- “The easiest way to experience VR is to go to arcades”
- “We are uncompromising on our goal: to ensure that our customers leave with a real love of VR…”
“The easiest way to experience VR is to go to arcades”
Hello Mr. Bruski. Could you tell us a bit about yourself? What were you doing before and how did you end up in the virtual reality market?
Before working on Ctrl V, I was involved in a wide variety of other startups with different activities. Before my start-up years, I took on very different roles in the Canadian financial investment industry. My partner, and long-time friend, who is very knowledgeable about new technologies, had the idea of getting into virtual reality and contacted me to manage the business side of his initiative.
Arcades were really popular, but they declined with the advent of home consoles. Why did you make this risky choice?
It wasn't really a risky choice. Arcade machines have disappeared because video games have entered the domestic sphere. VR is still difficult to own at home. Equipment prices are high, the hardware required is powerful, and the space required is prohibitive. The easiest way to experience VR (especially if they've never tried it before) is to turn to arcades.
Could you tell us about your business? How many years did it take you to build your project? What difficulties have you encountered? Did you easily find the funding? Do you have a partnership with your equipment suppliers?
The business is incredibly new. The idea was conceived in January 2016. This is where we entered our research phase to make sure it was viable. At the end of February the company was created and the real work started in March. In May, we moved into our space and renovated it for launch in June 2016. We didn't encounter many difficulties. The virtual reality players were very happy to work with us, because they knew that we were paving the way for the development of their own businesses. Funds are always hard to come by, but if you have a great idea and an equally good plan, it gets easier. And yes, we have partnerships with each of our suppliers.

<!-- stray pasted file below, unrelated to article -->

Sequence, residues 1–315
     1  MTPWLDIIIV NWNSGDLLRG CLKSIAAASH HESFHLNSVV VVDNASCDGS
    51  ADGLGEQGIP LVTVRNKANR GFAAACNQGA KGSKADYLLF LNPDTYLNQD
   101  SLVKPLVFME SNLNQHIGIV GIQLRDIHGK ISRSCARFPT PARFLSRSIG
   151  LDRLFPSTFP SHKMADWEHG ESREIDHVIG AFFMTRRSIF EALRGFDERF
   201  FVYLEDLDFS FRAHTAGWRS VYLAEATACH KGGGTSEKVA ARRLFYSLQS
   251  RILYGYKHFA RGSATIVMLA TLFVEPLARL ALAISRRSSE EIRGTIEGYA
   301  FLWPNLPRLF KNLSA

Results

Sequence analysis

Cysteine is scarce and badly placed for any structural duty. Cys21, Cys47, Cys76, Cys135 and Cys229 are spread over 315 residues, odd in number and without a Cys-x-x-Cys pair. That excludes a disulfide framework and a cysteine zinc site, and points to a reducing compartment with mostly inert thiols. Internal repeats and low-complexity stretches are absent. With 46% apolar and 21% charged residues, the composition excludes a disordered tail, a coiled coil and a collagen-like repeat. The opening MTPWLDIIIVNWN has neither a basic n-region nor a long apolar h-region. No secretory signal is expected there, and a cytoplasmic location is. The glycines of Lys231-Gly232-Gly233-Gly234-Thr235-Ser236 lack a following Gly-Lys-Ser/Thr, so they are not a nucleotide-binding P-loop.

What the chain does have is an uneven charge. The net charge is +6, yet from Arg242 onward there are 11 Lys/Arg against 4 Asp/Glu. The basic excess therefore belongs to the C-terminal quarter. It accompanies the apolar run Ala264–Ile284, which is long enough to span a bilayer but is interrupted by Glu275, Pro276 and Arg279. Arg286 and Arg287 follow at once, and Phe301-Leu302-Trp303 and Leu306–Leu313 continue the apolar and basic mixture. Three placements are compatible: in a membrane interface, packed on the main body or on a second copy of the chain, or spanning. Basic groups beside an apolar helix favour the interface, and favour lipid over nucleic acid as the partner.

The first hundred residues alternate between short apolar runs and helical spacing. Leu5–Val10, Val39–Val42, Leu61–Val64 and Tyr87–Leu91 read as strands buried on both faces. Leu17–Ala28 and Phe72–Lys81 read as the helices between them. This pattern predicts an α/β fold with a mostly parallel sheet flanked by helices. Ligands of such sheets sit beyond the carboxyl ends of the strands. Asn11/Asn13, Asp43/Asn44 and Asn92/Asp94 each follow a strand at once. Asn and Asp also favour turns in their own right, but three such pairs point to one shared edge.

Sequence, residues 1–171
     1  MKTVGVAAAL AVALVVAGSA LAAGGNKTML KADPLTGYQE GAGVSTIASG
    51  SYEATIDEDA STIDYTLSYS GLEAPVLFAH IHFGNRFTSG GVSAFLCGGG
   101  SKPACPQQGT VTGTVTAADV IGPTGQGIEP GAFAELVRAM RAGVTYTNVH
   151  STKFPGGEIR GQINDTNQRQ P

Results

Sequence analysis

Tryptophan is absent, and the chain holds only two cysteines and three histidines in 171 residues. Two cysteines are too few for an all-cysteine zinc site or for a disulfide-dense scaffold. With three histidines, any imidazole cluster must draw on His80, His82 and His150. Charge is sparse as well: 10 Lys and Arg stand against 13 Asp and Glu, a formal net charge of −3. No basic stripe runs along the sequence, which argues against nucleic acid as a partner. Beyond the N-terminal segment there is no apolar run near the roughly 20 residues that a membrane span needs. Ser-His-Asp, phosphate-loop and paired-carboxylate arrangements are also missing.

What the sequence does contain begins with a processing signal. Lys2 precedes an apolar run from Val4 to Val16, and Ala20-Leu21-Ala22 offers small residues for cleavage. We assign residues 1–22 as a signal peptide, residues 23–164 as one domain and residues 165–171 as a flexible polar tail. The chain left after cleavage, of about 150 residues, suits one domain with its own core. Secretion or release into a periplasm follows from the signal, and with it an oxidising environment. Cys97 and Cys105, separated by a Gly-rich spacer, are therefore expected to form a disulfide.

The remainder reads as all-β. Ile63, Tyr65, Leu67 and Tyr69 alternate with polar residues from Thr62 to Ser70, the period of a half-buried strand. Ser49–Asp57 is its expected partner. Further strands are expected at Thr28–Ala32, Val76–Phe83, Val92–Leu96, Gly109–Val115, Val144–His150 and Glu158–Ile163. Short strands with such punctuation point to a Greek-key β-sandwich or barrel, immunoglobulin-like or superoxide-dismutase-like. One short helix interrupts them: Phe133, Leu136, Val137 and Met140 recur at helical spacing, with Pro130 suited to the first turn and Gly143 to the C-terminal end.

“We are uncompromising on our goal: to ensure that our customers leave with a real love of VR…”
What games do you offer? What equipment do you use? How did you make yourself known to the general public?
All of our games are tested by our teams and other beta testers to make sure they are good enough to be offered. Are they successful enough? Is the replayability sufficient? We refine the choice of our games even before contacting the developers. We work exclusively with the HTC Vive because it currently offers the best and most immersive VR experiences. We are uncompromising on our goal: to make our customers leave with a real love of VR and not another funny activity that they will quickly forget. Our choices, along with the choice not to use the big marketing levers, had the consequence of making CTRL V known by word of mouth, through incredible experiences.
Tell us a bit about your clients (age, gender, etc.). How many are they per day approximately? What games are most popular with them?
Our customers come from all layers and sub-layers of the population. All genders, all ages, gamers and neophytes are represented. Some even come from other countries. In the first month, we counted over 3000 customers. FPS games are the most successful games, along with horror games. But to my surprise, customers also appreciate the simple things like sandbox games or mini-golf courses.
Do you plan to open more arcades?
Yes. We are thinking of opening around fifty other stores.
How do you plan to deal with the arrival of domestic virtual reality?
While home VR may seem like a threat, it isn't and won't have much of an effect on us. People will start playing at home, but they will be in the minority. Plus, with the growing demand for multiplayer games, the only way for groups to play together will be through arcades like ours.
What do you think of the Void, the amusement park dedicated to virtual reality?
The Void is a unique concept and we wish them the best. Despite popular belief, theirs is different from ours, so they are seen more as a complement to our market and to the growth of virtual reality in general.
What do you think of the future of VR?
I believe that in the near future, virtual reality will explode as it will become more accessible, more in demand and more attractive.